Campbell, Mary Schmidt, An American Odyssey; the Life and Work of Romare Bearden. New York and London: Oxford University Press, 2018. xiii+ 443 pages. Hardcover, $34.95.
Romare Bearden--Fred Howard Romare Bearden (1911-1988)--deserves this very fine biography. The many and spectacular color images alone are worth the cost of the book.
Had Bearden done nothing but the huge Projections (1964) collage of black urban life, he would deserve a full biography. It is a loving but no-nonsense tribute to the people of Harlem and the nation. However, as biographer Mary Schmidt Campbell amply demonstrates, he did much more and filled a busy life on a very public stage on which he played multiple roles, including behind the scenes of that stage. Though not always overtly in politics, in the garden variety sense of Aristotle's term, Bearden was always a public figure of moral and aesthetic authority. Besides his leadership and talent, Bearden was very much what the late Gore Vidal had in mind when he spoke of the "celebrity class."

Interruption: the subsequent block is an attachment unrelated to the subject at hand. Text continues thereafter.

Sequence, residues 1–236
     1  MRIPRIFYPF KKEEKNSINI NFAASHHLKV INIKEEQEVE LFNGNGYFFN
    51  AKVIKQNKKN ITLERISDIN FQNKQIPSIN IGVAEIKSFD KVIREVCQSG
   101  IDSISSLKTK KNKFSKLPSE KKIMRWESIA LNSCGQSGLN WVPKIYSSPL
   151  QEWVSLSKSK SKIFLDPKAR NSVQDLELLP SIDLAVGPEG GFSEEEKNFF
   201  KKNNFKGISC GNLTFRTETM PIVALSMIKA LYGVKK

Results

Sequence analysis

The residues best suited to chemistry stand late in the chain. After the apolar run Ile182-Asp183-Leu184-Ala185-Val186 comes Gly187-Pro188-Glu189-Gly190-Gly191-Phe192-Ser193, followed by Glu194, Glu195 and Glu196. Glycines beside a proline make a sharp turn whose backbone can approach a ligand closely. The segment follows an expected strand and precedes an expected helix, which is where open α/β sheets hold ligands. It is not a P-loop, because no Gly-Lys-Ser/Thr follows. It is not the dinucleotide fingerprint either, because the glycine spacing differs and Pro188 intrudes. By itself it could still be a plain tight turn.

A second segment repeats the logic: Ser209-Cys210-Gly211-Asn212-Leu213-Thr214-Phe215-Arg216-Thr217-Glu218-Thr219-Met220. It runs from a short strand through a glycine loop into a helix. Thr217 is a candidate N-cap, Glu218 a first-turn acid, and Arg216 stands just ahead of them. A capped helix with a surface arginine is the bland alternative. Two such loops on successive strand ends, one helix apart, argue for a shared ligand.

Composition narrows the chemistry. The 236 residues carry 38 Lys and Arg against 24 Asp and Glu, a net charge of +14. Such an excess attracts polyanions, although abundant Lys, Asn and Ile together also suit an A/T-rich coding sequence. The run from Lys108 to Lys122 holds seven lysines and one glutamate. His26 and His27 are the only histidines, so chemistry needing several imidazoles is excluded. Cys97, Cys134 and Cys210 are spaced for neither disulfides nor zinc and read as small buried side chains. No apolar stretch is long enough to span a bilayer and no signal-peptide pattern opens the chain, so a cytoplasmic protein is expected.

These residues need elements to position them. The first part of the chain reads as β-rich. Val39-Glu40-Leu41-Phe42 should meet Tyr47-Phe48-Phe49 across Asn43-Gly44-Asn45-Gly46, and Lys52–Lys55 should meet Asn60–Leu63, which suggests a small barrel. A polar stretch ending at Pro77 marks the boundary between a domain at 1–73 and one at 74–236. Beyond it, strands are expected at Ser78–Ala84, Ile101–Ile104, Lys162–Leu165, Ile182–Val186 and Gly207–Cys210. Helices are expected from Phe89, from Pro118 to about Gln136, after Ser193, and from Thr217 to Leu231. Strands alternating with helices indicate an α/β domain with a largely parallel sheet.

As a meticulous biographer, Campbell herself plays many public roles, not only as president of Spelman College but also as an art museum curator. In fact, she is a participant observer more than most art historians can be, and she refers often and effectively not only to installations she sees and critiques but also to her own interviews with Bearden. Her classical allusion to Homer's Odyssey is deliberate and apt: as a veteran of American and other race wars, Bearden was to Harlem as Odysseus was to Ithaca, and his long and complicated fights and flights were climaxed by a brave but problematical return to his starting point. If art itself is his Penelope, then art too is loyal and dedicated to him even and especially as he travels other worlds before coming back to serve her in Harlem in political as well as aesthetic sense. Besides living a fascinating life, Bearden was at the scenes of important political and cultural events in Harlem. Indeed, a subtheme of this biography is the creative tension between his intent to be an artist who paints for the sake of painting and an artist...